7 Toxic Thoughts That Poison Our Lives and How to Get Rid of Them

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4. You let your emotions control your decisions.

Coming to conclusions about yourself or the things around you based on emotions is another type of thinking that can hold you back from doing what you want and achieving your goals. For example, you want to start a business, but you are afraid it won’t work out and you feel overwhelmed by the whole process. So you might think, that if you’re scared and confused already, you really weren’t meant to be a businessman or a businesswoman.

However, how something makes you feel isn’t always the way it really is. If you have negative thinking from the very beginning, you’re setting yourself up for failure. So it’s important to do away with those worries, face your fears, and think more positively about your abilities or the situation at hand.

5. You often blame yourself.

We all want to feel in control of what’s happening in our lives, so when something doesn’t happen the way we expected, we might blame ourselves, even if we aren’t responsible. For example, if your child gets bad grades in school, you might think that you’re a bad parent. Or if you booked a table at a restaurant for you and your friends, but when you got there, they didn’t have a record of your reservation, you start blaming yourself for not being responsible enough to double-check if the booking went through, and you think all of your friends also blame you for ruining their night. While in reality, it was probably not your fault at all — maybe the person checking the reservations just missed it, or there was a system failure.

So instead of beating yourself up and thinking, “It`s all my fault, I could`ve prevented that,” accept that there are some things that are just out of your control and you aren’t responsible if something goes wrong.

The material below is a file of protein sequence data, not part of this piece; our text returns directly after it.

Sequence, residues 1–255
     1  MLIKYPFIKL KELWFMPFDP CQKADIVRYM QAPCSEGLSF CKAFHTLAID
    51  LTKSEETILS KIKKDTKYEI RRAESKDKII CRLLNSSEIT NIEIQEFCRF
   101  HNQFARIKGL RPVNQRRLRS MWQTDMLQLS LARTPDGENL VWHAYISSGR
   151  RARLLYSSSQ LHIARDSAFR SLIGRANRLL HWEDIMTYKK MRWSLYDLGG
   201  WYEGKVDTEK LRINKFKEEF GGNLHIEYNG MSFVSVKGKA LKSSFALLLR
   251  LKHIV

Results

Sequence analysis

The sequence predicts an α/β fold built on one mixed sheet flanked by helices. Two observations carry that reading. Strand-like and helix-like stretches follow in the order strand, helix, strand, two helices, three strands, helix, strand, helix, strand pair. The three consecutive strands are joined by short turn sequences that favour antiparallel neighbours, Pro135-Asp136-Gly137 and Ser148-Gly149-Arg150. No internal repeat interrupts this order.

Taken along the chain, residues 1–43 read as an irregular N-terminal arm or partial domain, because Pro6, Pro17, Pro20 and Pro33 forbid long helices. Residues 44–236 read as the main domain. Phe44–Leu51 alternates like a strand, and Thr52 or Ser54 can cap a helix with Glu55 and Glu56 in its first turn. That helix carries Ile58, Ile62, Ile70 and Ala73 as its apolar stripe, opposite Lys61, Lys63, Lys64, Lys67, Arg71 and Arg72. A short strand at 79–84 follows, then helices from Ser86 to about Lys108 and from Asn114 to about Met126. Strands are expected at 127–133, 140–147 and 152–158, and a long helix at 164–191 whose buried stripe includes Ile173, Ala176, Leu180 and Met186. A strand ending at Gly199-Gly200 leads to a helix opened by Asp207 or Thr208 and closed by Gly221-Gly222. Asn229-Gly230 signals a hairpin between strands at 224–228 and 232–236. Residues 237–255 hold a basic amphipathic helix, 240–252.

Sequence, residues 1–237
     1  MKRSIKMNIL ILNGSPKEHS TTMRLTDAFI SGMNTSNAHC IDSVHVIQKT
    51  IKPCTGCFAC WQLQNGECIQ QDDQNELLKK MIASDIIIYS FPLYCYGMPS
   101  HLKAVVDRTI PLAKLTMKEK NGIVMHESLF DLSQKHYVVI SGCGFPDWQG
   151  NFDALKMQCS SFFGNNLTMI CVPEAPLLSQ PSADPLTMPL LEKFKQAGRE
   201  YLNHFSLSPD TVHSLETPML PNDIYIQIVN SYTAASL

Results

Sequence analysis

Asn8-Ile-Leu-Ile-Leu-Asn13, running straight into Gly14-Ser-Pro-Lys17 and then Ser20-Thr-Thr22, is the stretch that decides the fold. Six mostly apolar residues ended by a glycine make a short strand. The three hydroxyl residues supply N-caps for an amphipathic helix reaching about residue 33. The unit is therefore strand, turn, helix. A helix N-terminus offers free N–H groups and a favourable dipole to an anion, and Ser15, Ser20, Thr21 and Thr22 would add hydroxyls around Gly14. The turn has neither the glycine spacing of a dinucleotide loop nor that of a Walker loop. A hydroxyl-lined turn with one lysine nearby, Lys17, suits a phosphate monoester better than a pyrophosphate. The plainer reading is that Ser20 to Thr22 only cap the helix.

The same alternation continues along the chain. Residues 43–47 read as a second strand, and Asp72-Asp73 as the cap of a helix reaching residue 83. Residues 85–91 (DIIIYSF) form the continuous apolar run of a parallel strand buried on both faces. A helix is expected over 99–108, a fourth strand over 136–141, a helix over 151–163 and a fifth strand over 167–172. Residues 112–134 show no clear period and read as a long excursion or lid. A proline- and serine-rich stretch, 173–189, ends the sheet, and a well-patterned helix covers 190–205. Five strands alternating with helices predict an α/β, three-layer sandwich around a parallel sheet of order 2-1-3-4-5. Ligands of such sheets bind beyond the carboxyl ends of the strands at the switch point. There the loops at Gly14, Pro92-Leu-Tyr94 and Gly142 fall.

6. You use words like “must,” “should,” and “ought to.”

In some situations, using these words means setting unrealistic goals. And if you don’t achieve them, you feel bad about it and see yourself as a failure. For example, you think to yourself, “I should work out 5 times a week.” And then if you don’t do that, you feel really guilty about it, and you think you’ll never have enough willpower to do it.

Instead, think “I can\choose to work out 5 times a week.” If you use these words, you won’t feel as constrained in your actions. You will give yourself more freedom to choose what you can and want to do. And you won’t feel bad if you decide to not work out on a certain day.

7. You jump to conclusions.

You can never really know what someone else is thinking. However, sometimes being anxious or insecure could lead you to make assumptions about what others think about you, and it’s rarely something positive in your mind.

For example, you might feel self-conscious when you notice someone staring at you. You think maybe there’s something in your teeth, or your hair looks weird. When in reality, that person could not be staring at you at all. They might just be looking into the distance, deep in thought. And if they are actually looking at you, maybe they want to compliment you on your outfit, but feel too shy to do so.

Don’t let your anxiety control how you think and feel. When you notice your brain doing some mind-reading and picking only the worst-case scenarios of what others could be thinking, stop right there, and imagine the best-case scenario instead.

Have you ever caught yourself thinking these types of thoughts? How do they affect you? Have you tried to get rid of them?

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